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Selling Your Business – Part III

| May 16, 2011 | Business Planning

In Parts I and II of this blog series, we touched on how important it is for the seller/business owner to begin putting in place a more sophisticated financial reporting “backbone” at least 3-5 years in advance of any sale transaction. In Part III, we focus on the need to give similar advance consideration to the legal structure of the business and the key relationships that form the foundation of the seller’s operations.

As most would expect, experienced buyers will want to gain a very detailed understanding of the seller’s corporate ownership structure by reviewing the entity’s organizational documents and other contractual agreements that are in place between the seller’s equity owners. In addition, buyers will want to review any agreements with key employees, customers, and suppliers, lease agreements for mission critical facilities and equipment, loan documents, intellectual property agreements, along with other important license, franchise, distribution, manufacturing, pricing, and other important arrangements that give the seller its competitive advantage in the market.

Having the above structure and relationships well-documented, vis-à-vis written agreements, gives the potential buyer confidence that he or she knows exactly (i) what is being purchased, and maybe just as important, (ii) the extent of the potential risks related to the acquisition. Few things shake a buyer’s confidence more (and reduces their willingness to pay more) than when a seller is unable to provide the potential buyer with key legal agreements that should form the very foundation of the seller’s business.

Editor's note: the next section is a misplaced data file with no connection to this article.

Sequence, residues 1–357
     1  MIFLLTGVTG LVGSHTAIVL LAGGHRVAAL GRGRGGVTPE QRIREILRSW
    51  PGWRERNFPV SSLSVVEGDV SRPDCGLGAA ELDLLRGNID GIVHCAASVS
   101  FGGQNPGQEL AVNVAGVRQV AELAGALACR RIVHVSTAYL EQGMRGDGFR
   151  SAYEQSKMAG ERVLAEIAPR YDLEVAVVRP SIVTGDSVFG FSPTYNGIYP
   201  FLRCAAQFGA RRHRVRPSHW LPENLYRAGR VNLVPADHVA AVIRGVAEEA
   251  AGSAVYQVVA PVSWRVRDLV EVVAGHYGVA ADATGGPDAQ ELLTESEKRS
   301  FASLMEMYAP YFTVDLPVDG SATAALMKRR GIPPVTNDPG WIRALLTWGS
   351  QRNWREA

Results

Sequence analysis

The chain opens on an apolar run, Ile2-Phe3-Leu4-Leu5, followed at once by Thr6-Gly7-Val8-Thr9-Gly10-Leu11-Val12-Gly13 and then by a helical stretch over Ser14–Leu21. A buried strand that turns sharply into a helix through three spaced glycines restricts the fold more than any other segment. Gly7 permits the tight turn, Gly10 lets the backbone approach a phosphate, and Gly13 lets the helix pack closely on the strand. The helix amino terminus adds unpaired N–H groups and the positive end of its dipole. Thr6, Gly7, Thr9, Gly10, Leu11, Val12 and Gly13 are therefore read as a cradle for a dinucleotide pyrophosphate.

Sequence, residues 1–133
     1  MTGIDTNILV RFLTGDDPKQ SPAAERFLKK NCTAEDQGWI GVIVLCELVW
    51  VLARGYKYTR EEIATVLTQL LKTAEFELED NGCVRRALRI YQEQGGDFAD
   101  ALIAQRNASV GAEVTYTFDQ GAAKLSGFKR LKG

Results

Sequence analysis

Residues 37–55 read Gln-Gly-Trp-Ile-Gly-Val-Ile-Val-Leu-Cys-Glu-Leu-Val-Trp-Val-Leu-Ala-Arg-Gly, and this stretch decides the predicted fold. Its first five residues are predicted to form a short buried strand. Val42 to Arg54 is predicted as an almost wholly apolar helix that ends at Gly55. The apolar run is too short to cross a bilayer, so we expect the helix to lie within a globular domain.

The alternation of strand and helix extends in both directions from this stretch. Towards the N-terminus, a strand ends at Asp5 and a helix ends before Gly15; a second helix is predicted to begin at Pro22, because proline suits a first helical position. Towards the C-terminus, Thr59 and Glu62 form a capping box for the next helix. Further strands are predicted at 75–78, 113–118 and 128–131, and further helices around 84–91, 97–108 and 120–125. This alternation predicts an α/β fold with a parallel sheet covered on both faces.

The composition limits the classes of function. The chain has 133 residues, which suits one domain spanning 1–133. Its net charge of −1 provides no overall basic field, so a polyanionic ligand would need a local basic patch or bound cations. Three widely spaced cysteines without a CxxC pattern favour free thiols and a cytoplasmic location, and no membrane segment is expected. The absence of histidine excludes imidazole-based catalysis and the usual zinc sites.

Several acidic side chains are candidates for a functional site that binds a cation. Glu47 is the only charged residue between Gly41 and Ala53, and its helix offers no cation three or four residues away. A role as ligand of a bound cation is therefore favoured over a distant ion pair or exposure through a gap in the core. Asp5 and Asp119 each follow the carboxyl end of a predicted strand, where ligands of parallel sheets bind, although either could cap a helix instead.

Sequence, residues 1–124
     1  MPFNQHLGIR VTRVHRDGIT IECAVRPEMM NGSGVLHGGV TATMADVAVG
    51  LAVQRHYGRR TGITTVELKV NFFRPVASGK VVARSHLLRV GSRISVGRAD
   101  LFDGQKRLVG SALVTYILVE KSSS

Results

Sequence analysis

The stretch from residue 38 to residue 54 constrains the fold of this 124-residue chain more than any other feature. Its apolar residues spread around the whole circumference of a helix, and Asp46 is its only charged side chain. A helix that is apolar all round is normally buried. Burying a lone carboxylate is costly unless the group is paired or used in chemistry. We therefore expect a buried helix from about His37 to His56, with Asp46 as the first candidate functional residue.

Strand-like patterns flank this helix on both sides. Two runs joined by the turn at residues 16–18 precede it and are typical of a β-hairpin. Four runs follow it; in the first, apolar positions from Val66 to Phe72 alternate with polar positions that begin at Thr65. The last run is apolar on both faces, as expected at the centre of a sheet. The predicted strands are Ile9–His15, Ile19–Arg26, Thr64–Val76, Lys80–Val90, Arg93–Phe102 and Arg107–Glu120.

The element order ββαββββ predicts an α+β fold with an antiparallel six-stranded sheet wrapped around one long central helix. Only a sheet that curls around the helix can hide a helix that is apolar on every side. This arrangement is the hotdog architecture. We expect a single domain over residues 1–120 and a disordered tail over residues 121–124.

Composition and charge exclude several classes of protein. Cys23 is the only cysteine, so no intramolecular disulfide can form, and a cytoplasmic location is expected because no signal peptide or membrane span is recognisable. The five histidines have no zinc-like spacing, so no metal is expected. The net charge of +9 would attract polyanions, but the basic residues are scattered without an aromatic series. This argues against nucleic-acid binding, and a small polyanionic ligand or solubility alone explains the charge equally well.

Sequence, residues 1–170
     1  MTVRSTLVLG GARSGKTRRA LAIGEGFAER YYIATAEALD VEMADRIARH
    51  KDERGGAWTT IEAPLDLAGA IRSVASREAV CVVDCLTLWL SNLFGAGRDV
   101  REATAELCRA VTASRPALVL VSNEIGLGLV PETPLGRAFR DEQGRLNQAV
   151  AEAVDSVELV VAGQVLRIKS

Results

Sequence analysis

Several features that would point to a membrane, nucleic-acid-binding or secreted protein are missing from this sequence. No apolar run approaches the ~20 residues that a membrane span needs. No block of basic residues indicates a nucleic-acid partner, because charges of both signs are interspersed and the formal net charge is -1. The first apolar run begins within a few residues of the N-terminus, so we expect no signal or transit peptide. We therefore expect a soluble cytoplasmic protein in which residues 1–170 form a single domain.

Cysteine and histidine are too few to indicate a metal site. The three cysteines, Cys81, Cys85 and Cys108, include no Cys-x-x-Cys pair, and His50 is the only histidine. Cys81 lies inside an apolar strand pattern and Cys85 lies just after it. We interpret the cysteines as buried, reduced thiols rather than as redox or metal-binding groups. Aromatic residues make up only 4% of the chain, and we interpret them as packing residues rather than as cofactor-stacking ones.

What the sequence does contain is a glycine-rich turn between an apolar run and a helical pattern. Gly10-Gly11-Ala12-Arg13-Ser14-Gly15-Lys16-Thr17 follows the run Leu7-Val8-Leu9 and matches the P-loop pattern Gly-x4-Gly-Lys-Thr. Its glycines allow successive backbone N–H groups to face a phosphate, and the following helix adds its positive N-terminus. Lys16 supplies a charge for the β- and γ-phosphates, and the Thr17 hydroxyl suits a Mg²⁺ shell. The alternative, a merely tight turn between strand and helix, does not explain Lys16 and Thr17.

Putting yourself in the shoes of the buyer, consider the reluctance you might feel upon discovering that (i) the seller has no long-term written commitment from its most important raw materials supplier, (ii) that none of the seller’s senior executives have signed confidentiality/non-compete agreements, (iii) that the seller’s most important retail or manufacturing location is operating under a hold-over lease arrangement, (iv) that a critical portion of seller’s product offerings are utilizing third-party intellectual property without the benefit of a written license agreement, (v) that certain key personnel have been previously granted a “profits interest” in the seller’s business without any formal agreement outlining its terms, or (vi) that one (or more) of the seller’s equity owners has been granted a right of refusal related to any potential sale of the business but no agreement has been executed outlining the scope of this right. These are just a small sampling of the kinds of issues potential buyers can face when conducting due diligence; any one of which could derail the transaction in its entirety, or negatively impact the price the buyer may be willing to pay to the seller.

As a general proposition, buyers are not inclined to pay a premium for an operation that is disorganized, fails to attend to critical details, or is otherwise going to require an inordinate amount of work after closing in order to bring the business up to the buyer’s expectation level. We often assist our clients by examining what critical agreements need to be in place as a precursor to any sale transaction. The farther in advance of closing these types of agreements are implemented, the more benefit the seller derives, and the more comfortable the buyer will be that these agreements represent the seller’s standard operating procedure, and not merely last-minute window-dressing.

Call us if we can assist you.